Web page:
The UK Defence and Security Accelerator (DASA) has launched a new Themed Competition called Small, Lightweight Trace Explosives Detector. It is jointly funded by the UK Ministry of Defence (MoD) and the US Department of Defense (DoD) and seeks proposals for the development of novel, lightweight, bioassay systems to detect trace explosives in security and military applications.
Trace detection systems allow end users to detect and identify non-visible (trace) levels of materials from surfaces and/or items relating to defense and security, such as those resulting from a suspected improvised explosive device. Current trace detection equipment, such as systems used in airports, have a significant size, weight and power (SWaP) footprint. Pocket-sized systems such as chemical test kits that are used for presumptive identification have much lower SWaP but do not perform as well as the larger systems.
Detection systems that use biological assays have low SWaP and can be used in some applications for sensing molecular explosives. However, they have not been optimized for trace detection of explosives. Biological assay in this context refers to the use of biologically derived or biologically inspired reagents or methods that can be used to identify and/or detect a chemical. In this case, the assay would be used to achieve detection of trace/sub-visible quantities of molecular explosive targets collected from a surface.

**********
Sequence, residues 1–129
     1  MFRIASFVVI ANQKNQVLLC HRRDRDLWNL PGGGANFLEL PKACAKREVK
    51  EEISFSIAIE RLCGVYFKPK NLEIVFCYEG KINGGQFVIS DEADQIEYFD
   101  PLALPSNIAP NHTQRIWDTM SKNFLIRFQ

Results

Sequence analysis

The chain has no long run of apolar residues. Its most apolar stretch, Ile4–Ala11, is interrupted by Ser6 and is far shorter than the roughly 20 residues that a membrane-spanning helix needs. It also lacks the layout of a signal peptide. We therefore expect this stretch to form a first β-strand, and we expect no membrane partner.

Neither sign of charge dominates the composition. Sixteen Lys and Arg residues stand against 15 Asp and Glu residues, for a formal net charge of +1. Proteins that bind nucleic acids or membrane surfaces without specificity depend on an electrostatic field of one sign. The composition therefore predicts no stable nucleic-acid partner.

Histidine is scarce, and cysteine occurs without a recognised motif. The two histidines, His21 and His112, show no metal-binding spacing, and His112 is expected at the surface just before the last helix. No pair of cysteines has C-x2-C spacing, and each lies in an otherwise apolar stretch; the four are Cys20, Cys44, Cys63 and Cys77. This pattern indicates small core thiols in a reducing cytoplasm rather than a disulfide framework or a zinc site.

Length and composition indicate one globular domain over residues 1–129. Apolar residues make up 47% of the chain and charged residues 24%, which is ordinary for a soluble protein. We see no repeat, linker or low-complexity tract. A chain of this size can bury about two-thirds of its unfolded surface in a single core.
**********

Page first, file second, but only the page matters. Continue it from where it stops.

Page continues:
The primary aim of DASA’s competition is to develop innovative platforms for the trace detection of explosives using biologically derived detection strategies. The accelerator is looking for innovative solutions that will incorporate modern sampling and reader formats into a platform that is capable of the trace detection of – initially – three explosive materials with the potential for future iterations of the platform to detect up to 10 explosives and/or other small-molecule threats.
Among the requirements listed in the competition document, DASA notes that the process of taking the sample should be straightforward. For example, users of current trace explosives detection systems who are familiar with swabbing should be capable of sample collection and introduction into the system without additional training.
The total funding available for this themed competition is £600,000. DASA expects to fund two proposals of up to £300,000 each or one outstanding proposal up to £600,000.
The deadline to submit a proposal is midday (BST) on April 9. A Q&A webinar to discuss the competition requirements will take place on February 8. A series of 15-minute one-to-one webinar sessions will take place on February 15 and 20 and will provide the opportunity to ask specific questions.
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